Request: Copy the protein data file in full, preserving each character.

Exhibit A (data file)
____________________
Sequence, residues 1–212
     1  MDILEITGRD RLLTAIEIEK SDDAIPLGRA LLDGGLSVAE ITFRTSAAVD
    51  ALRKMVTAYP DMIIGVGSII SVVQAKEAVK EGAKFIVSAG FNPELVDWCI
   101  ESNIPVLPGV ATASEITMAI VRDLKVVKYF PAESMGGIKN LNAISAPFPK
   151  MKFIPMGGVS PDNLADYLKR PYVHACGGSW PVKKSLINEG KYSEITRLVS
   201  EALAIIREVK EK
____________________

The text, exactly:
Sequence, residues 1–212
     1  MDILEITGRD RLLTAIEIEK SDDAIPLGRA LLDGGLSVAE ITFRTSAAVD
    51  ALRKMVTAYP DMIIGVGSII SVVQAKEAVK EGAKFIVSAG FNPELVDWCI
   101  ESNIPVLPGV ATASEITMAI VRDLKVVKYF PAESMGGIKN LNAISAPFPK
   151  MKFIPMGGVS PDNLADYLKR PYVHACGGSW PVKKSLINEG KYSEITRLVS
   201  EALAIIREVK EK